Cole, S. F., Greenwald O’Brien, J., Gadd, M. G., Ristuccia, J., Wallace, D. L., & Gregory, M. (2005). Helping traumatized children learn: Supportive school environments for children traumatized by family violence. Massachusetts Advocates for Children, Trauma and Learning Policy Initiative.

Cossentino, J. (2016). Montessori schools help children exposed to trauma. In L. Flores Shaw (Ed.), The Montessori White Papers, Vol. 2 (pp. 9–16). White Paper Press.

Craig, S. E. (2016). Trauma sensitive schools: Learning communities transforming children’s lives, K–5 (Illustrated ed.). Teachers College Press.

Cromwell, M. (2006). The Montessori Method adapted to the little French and Belgian refugees. AMI Communications, 2, 11–13. (Original work published 1916)

Fallot, R. D., & Harris, M. (2009). Creating cultures of trauma-informed care: A self- assessment and planning protocol. Community Connections.

Felitti, V. J., Anda, R. F., Nordenberg, D., Williamson, D. F., Spitz, A. M., Edwards, V., Koss, M. P., & Marks, J. S. (1998). Relationship of childhood abuse and household dysfunction to many of the leading causes of death in adults: The Adverse Childhood Experiences (ACE) Study. American Journal of Preventive Medicine, 14(4), 245–258.

Fisher, D. C. (1912). A Montessori mother. Henry Holt & Company.

Foschi, R. (2008). Science and culture around the Montessori’s first “Children’s Houses” in Rome (1907–1915). Journal of the History of the Behavioral Sciences, 44(3), 238–257.

George, A. E. (1912, July). Dr. Maria Montessori: The achievement and personality of an Italian woman whose discovery is revolutionizing educational methods. Good Housekeeping, 55(1), 24–29.

Gutek, G., & Gutek, P. (2017). Bringing Montessori to America: S.S. McClure, Maria Montessori, and the campaign to publicize Montessori education. University of Alabama Press.

Herman, J. L. (2015). Trauma and recovery: The aftermath of violence—from domestic abuse to political terror. Basic Books.

Jennings, P. A. (2019). The trauma-sensitive classroom: Building resilience with compassionate teaching. W. W. Norton & Company.

Kramer, R. (1976). Maria Montessori: A biography. Addison-Wesley.

Lillard, A. (2011). Mindfulness practices in education: Montessori’s approach. Mindfulness, 2, 78–85.

Marguiles, A. R. (1913). Montessori and her Method. American Annals of the Deaf, 58(5), 496–502.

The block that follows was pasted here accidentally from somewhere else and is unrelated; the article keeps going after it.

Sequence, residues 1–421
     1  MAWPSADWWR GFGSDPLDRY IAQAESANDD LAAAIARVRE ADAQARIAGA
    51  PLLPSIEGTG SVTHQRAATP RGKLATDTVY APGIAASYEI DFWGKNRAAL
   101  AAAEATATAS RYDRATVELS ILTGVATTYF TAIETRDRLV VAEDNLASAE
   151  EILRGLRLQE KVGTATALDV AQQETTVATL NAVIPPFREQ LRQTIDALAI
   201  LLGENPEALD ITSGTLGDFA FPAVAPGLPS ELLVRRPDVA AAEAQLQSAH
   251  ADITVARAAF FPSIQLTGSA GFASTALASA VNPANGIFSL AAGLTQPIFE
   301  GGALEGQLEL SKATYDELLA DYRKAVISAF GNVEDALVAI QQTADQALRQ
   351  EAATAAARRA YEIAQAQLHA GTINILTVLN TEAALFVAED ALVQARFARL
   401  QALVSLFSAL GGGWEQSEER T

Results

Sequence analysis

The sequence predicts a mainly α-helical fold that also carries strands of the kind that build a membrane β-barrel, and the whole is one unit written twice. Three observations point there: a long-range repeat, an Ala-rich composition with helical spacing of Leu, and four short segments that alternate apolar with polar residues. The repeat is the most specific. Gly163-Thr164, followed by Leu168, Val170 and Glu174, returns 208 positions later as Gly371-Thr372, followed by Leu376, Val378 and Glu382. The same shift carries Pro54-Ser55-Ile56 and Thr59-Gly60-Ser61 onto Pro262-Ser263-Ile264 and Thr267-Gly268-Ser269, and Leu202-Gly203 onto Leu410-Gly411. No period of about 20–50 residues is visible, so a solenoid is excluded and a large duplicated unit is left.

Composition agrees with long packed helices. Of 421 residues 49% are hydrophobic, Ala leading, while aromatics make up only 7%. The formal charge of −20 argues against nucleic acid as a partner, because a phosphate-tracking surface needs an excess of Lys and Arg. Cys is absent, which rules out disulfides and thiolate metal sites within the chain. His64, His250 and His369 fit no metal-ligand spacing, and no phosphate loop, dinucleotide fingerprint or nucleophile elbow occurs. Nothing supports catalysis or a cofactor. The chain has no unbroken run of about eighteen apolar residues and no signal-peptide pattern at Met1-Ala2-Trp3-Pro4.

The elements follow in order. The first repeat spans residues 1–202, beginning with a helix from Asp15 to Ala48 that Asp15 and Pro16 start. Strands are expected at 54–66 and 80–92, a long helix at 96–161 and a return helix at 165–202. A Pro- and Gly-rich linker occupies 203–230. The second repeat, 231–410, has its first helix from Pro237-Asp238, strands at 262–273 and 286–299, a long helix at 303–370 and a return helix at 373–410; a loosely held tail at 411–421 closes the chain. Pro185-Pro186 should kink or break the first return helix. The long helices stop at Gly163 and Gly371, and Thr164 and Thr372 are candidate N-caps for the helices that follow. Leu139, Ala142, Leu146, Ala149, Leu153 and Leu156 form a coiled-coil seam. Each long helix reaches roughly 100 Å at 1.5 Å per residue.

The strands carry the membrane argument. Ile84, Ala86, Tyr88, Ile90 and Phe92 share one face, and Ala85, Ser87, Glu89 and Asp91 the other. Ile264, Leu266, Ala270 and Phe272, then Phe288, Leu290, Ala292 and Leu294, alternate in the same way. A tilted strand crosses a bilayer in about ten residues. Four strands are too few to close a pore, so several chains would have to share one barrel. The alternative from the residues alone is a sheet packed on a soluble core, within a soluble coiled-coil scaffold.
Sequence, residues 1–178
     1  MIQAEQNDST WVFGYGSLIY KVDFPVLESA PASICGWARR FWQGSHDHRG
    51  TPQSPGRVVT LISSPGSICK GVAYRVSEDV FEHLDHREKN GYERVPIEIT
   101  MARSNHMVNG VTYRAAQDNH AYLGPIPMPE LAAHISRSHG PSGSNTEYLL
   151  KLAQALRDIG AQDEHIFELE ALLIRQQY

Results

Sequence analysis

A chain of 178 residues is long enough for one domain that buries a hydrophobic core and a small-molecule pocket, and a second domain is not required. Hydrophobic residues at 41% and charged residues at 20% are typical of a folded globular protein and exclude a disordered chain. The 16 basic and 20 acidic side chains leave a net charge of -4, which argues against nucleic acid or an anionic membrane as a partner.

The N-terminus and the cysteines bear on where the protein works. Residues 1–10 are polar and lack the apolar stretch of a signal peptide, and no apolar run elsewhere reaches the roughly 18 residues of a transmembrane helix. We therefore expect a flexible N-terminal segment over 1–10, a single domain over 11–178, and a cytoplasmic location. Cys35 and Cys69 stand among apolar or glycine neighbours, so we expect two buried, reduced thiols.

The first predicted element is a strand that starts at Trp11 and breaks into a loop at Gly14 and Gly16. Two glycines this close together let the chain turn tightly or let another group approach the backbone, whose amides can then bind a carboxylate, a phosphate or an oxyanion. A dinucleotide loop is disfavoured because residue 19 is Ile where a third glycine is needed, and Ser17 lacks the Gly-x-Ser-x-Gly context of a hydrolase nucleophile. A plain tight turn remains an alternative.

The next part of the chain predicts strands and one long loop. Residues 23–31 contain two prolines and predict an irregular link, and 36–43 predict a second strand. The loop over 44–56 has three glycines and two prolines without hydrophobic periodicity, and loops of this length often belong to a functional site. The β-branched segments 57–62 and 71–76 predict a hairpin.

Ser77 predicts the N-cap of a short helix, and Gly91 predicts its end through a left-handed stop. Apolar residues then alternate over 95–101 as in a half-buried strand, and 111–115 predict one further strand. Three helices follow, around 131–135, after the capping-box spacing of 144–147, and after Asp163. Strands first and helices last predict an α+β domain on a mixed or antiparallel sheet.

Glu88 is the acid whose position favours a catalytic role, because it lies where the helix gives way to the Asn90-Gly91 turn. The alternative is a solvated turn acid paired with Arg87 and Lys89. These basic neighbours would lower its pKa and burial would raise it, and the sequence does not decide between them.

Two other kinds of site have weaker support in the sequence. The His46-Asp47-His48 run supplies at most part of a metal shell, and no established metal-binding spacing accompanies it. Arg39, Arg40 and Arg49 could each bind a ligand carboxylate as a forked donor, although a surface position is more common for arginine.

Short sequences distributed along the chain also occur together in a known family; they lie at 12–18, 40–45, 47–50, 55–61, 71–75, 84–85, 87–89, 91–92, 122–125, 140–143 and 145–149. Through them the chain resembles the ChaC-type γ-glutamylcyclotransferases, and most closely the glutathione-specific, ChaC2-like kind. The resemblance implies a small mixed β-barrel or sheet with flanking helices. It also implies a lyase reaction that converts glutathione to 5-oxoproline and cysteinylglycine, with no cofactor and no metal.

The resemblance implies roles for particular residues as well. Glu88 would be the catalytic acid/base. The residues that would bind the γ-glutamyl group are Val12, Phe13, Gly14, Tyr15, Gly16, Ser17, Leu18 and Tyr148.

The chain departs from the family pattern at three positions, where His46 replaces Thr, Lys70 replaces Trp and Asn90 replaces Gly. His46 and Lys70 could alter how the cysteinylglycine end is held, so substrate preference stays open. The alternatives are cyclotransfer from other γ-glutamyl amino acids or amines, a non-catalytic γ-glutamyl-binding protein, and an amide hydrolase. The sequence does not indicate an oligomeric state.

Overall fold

Maté, G. (2019). When the body says no: The cost of hidden stress. Vermilion.

Mayfield, M. (2006). Maria Montessori: Advocate for children. AMI Communications, 2, 4–9.

Maynard, B. R., Farina, A., Dell, N. A., & Kelly, M. S. (2019). Effects of trauma-informed approaches in schools: A systematic review. Campbell Systematic Reviews, 15(1-2), Article e1018.

Montessori, M. (2013). The White Cross. AMI Journal, 1-2, 37–41. (Original work published 1917)

Montessori, M. (1936). The secret of childhood (B. B. Carter, Ed. and Trans.). Longmans.

Montessori, M. (1964). The Montessori method (A. E. George, Trans.). Schocken Books. (Original work published 1912) Montessori, M. (1966). The secret of childhood (M. J. Costelloe, Trans). Ballantine.

Montessori, M. (1967). The absorbent mind (C. A. Claremont, Trans). Dell. (Original work published 1949)

Montessori, M. (2008). The California lectures of Maria Montessori, 1915: Collected speeches and writings (R. Buckenmeyer, Ed.). The Clio Montessori Series. Montessori-Pierson.

Moretti, E. (2014). Beyond biological ties: Sibilla Aleramo, Maria Montessori, and the construction of social motherhood. Italian Culture, 32(1), 32–49.

Moretti, E. (2021). The best weapon for peace: Maria Montessori, education, and children’s rights. University of Wisconsin Press.

Mulholland, M., & O’Toole, C. (2021). When it matters most: A trauma-informed, outdoor learning programme to support children’s wellbeing during COVID-19 and beyond. Irish Educational Studies, 40(2), 329–340.